Lewis and Clark High School's Tiger Food Pantry features a collection of old shelves, a few recyclable bags and collapsible boxes, and of course, food. It is stacked in every corner — cans of spaghetti sauce and Campbell's soup, fresh apples and mac 'n' cheese, granola bars and cereal.
"Do you want anything?" Danielle Aranda offers as she crushes boxes. Aranda, a senior, has been working at the student-run food bank — the first of its kind in Spokane Public Schools — since October as part of her senior culminating project.
The food bank was conceived out of need.
"We can give kids lunch here, breakfast here... but what about dinner?" says Kathy Blancher, a counselor at LCHS and founder of the food bank.
The Tiger Pantry attempts to do something not often offered in the high school setting: feed children outside of school.
Getting food from the pantry is simple. A student just has to ask their counselor to let them into the pantry; they are allowed to take anything they want. The process is completely anonymous and open to students of all grades.
On top of that, on the third Wednesday of every month, 75 bags of fresh produce and canned food is delivered to LCHS and then taken home by students.
The food bank is backed by Second Harvest, which provides both the fresh food that doesn't keep at a regular food bank and anything else the budding Tiger Pantry might need. The rest of the food comes from donations: local grocery stores, Lewis and Clark families, and the high school's annual food drive.
The Tiger Pantry is now completely student-run. Every day, instead of taking a sixth-period class, Aranda stacks cans of food, throws away items that have gone bad, and packs and prepares bags to be given away. Thankfully, she has help. The list is long and includes students from all grades who help deliver the food on their big drop-off day.
As Aranda puts it, their hard work does not go to waste.
"It's really touching to see that it is actually impacting people. It's very heartwarming," she says.
Of course, there are still issues. Both Aranda and Blancher have expressed their need for a refrigeration system. With it, their fresh food would last longer, and they could include such things as dairy products in their regular food giveaways.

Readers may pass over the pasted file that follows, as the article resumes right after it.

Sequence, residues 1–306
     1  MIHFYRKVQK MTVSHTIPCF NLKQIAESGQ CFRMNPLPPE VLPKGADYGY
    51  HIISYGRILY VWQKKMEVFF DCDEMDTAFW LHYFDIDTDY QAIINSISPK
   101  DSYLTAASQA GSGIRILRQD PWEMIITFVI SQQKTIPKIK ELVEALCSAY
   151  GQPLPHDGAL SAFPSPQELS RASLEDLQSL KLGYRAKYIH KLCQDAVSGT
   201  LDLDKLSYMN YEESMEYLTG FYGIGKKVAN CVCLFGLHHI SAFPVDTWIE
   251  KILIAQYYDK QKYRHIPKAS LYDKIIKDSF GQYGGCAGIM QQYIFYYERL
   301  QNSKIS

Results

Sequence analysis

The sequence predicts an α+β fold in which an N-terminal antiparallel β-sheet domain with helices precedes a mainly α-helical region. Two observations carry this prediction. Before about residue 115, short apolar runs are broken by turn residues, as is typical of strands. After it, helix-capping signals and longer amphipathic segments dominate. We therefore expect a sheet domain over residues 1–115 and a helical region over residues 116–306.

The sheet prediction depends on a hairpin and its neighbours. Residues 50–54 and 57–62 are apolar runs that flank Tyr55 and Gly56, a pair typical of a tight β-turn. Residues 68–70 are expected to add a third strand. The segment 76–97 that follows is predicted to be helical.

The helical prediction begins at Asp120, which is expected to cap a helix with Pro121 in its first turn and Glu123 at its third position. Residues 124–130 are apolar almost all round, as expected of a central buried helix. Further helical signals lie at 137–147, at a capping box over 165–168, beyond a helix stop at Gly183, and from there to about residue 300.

The food-bank bug is spreading. Since the Tiger Pantry's successful beginnings, North Central High School also has taken up the torch. Like Lewis and Clark, Annie Metz, North Central's Achievement Gap Intervention Specialist, noticed students who were going home hungry. She got in contact with Blancher, and soon North Central had their own pantry.
North Central plans to have their leadership class eventually take over, but right now all the responsibilities fall on Metz. Weekly, she drives to Second Harvest to pick up food donations; the food bank delivers once a month for North Central's big food giveaway, when 300 bags of fresh fruits and vegetables are taken home by students.
Rogers High School also is allowing Second Harvest to assist them. Although they don't yet have their own pantry, once a month Second Harvest delivers bags of canned goods and fresh fruit to their students.
Organizers of these food banks feel that these high school programs are building a community. Students take on the responsibility of running the pantry and keeping their fellow students from going home to an empty fridge.
Back at the Tiger Pantry, canned food, boxes of cereal and fresh apples stacked on metal shelves are shrouded in dim lighting in the staff parking garage beneath the school. It's Aranda — smiling and chattering about moving the food to a place more easily accessible to students — and others like her, who so easily and willingly give up their time for their service to others, who make it so meaningful. ♦